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Management of suspected bacterial urinary tract infection in adults

Management of bacterial UTI in adult women

Diagnosis

  • Consider empirical treatment with an antibiotic for otherwise healthy women aged less than 65 years presenting with severe or ≥3 symptoms of urinary tract infection (UTI)
  • Explore alternative diagnoses and consider pelvic examination for women with symptoms of vaginal itch or discharge
  • Consider the possibility of upper UTI (UUTI) in patients presenting with symptoms or signs of UTI who have a history of fever or back pain
  • Use dipstick tests to guide treatment decisions in otherwise healthy women under 65 years of age presenting with mild or ≤2symptoms of UTI
  • Discuss the risks and benefits of empirical treatment with the patient and manage treatment accordingly
  • In elderly patients (over 65 years of age), diagnosis should be based on a full clinical assessment, including vital signs

Antibiotic treatment of LUTI

  • Do not treat non-pregnant women (of any age) with asymptomatic bacteriuria with an antibiotic
  • Treat non-pregnant women of any age with symptoms or signs of acute lower UTI (LUTI) with a three day course of trimethoprim or nitrofurantoin
  • Particular care should be taken when prescribing nitrofurantoin in the elderly, who may be at increased risk of toxicity
  • Investigate other potential causes in women who remain symptomatic after a single course of treatment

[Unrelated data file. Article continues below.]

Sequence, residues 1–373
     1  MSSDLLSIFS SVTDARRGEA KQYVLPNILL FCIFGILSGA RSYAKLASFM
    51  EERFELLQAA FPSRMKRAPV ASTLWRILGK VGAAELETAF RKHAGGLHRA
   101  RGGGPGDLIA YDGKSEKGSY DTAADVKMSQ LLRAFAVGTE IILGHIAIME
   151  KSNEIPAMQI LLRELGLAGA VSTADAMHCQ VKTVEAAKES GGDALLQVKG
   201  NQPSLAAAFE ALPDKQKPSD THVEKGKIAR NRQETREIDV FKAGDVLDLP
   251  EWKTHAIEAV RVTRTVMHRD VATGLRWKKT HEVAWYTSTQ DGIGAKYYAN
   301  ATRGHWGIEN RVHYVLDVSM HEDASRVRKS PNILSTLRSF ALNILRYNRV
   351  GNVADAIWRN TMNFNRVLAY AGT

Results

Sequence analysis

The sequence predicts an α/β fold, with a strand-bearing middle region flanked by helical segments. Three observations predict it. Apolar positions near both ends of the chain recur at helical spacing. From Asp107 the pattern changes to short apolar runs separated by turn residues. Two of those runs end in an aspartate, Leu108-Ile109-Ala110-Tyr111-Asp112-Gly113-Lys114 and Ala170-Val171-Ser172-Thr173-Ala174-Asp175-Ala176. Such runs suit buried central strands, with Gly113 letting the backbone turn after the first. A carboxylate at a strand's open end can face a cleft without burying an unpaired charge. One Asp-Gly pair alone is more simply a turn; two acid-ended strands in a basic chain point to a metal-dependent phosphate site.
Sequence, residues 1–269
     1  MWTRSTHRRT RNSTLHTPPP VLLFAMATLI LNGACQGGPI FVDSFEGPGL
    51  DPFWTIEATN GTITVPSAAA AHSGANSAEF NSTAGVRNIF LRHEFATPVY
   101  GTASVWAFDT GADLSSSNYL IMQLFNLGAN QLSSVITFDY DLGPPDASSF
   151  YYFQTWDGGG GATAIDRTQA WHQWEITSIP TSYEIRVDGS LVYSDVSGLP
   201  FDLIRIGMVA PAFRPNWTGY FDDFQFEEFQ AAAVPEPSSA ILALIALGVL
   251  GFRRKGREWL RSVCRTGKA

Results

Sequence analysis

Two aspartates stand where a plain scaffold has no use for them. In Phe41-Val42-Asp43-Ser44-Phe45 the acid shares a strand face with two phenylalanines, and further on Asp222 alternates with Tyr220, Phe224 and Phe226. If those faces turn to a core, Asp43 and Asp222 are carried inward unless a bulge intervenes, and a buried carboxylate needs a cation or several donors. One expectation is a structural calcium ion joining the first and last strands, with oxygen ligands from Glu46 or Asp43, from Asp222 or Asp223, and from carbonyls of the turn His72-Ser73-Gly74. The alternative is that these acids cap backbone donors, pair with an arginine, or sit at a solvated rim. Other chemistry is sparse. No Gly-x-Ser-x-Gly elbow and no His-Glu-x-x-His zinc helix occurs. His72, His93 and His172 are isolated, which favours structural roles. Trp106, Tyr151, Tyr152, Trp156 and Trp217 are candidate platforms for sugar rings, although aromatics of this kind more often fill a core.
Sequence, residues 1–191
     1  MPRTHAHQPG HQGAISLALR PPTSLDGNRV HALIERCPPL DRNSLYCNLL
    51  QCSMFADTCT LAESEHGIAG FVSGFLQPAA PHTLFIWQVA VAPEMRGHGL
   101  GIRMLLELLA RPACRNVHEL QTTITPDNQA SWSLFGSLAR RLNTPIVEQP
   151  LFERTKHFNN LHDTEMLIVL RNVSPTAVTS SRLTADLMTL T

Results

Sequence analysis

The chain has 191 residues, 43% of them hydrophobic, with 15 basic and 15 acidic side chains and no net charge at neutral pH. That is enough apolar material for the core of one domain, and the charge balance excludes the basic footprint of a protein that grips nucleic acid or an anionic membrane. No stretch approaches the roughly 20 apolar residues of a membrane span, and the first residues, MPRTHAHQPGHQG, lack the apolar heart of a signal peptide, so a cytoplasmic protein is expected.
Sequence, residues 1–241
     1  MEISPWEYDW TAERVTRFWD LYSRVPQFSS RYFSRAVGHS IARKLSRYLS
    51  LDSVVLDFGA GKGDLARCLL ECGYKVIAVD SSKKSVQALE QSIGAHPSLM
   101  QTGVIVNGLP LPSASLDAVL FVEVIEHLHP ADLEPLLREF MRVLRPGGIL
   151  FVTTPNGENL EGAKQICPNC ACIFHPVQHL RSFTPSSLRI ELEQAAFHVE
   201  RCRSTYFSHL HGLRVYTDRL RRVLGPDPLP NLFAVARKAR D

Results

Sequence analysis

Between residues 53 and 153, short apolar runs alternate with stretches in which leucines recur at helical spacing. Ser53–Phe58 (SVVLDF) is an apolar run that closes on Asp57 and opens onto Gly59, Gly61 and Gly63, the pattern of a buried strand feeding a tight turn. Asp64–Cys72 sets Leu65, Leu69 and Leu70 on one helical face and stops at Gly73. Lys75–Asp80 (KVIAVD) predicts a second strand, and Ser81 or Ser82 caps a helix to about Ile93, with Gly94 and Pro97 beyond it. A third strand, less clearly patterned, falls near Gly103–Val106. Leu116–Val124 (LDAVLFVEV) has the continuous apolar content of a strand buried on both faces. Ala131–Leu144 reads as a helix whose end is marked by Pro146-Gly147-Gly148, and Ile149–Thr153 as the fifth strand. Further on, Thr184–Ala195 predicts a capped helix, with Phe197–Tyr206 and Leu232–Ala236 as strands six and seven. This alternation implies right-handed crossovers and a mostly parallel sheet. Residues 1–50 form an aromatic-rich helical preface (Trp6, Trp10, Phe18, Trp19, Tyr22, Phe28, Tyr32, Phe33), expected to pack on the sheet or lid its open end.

• Take urine for culture to guide change of antibiotic for patients who do not respond to trimethoprim or nitrofurantoin

Treatment of UUTI

  • Upper urinary tract infection can be accompanied by bacteraemia, making it a life threatening infection
  • Consider hospitalisation for patients unable to take fluids and medication or showing signs of sepsis
  • Where hospital admission is not required, take a midstream urine sample for culture and begin a course of antibiotics. Admit the patient to hospital if there is no response to the antibiotic within 24 hours
  • Treat non-pregnant women with symptoms or signs of acute UUTI with ciprofloxacin (7 days) or co-amoxiclav (14 days)
  • A 14 day course of trimethoprim can be considered where the organism is known to be sensitive to the antibiotic

Treatment of recurrent UTI

  • Advise women with recurrent UTI to consider using cranberry products to reduce the frequency of recurrence